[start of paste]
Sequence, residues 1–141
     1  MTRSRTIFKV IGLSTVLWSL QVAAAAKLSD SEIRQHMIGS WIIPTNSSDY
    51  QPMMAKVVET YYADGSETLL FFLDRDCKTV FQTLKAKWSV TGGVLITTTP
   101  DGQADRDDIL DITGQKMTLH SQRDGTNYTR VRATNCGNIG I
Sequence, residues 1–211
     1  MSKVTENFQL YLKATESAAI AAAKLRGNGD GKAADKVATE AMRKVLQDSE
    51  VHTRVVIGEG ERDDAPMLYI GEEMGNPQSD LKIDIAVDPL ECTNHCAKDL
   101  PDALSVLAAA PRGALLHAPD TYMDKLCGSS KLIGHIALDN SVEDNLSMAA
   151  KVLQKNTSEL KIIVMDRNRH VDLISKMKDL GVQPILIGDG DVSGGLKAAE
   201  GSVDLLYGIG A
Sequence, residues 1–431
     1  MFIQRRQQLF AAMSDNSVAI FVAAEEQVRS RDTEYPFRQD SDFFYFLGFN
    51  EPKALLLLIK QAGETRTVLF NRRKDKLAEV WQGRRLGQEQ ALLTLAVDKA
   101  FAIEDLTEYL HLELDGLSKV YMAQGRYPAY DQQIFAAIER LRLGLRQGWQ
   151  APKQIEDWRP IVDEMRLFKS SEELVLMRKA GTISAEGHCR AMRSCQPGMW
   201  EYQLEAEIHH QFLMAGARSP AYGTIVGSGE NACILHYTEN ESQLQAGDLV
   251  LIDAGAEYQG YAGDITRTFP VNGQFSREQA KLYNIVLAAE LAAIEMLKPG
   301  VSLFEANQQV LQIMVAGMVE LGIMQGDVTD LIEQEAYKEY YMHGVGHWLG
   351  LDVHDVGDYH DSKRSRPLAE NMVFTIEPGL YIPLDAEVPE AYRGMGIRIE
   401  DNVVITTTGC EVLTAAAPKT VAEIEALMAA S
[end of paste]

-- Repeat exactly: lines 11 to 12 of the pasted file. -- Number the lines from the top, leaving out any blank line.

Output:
Sequence, residues 1–431
     1  MFIQRRQQLF AAMSDNSVAI FVAAEEQVRS RDTEYPFRQD SDFFYFLGFN